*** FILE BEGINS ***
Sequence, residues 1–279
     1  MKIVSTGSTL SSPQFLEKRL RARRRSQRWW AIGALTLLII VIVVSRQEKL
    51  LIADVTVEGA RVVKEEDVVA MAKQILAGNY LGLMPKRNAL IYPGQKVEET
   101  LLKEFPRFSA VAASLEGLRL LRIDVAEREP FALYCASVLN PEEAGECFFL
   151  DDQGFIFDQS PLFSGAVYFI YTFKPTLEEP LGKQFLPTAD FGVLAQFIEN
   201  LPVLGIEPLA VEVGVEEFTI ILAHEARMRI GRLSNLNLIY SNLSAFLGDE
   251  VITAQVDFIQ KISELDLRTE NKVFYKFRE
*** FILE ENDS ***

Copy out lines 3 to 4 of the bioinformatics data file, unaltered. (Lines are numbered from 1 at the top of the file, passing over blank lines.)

    51  LIADVTVEGA RVVKEEDVVA MAKQILAGNY LGLMPKRNAL IYPGQKVEET
   101  LLKEFPRFSA VAASLEGLRL LRIDVAEREP FALYCASVLN PEEAGECFFL